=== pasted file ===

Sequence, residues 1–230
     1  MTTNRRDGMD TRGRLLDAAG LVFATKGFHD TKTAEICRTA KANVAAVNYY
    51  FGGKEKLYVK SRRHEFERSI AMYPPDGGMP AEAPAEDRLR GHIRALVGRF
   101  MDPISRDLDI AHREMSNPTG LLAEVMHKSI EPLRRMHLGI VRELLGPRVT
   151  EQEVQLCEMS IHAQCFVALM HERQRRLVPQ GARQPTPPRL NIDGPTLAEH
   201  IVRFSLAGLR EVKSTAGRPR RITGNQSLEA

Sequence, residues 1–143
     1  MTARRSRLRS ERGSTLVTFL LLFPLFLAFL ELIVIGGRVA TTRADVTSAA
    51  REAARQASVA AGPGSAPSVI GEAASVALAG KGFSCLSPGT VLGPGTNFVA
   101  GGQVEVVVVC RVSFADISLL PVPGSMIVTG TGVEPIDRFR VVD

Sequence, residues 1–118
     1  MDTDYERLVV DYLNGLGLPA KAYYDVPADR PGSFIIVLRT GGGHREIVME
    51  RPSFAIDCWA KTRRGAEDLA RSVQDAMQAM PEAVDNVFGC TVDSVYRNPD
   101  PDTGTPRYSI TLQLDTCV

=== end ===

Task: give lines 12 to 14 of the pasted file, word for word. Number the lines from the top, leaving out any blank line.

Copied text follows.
     1  MDTDYERLVV DYLNGLGLPA KAYYDVPADR PGSFIIVLRT GGGHREIVME
    51  RPSFAIDCWA KTRRGAEDLA RSVQDAMQAM PEAVDNVFGC TVDSVYRNPD
   101  PDTGTPRYSI TLQLDTCV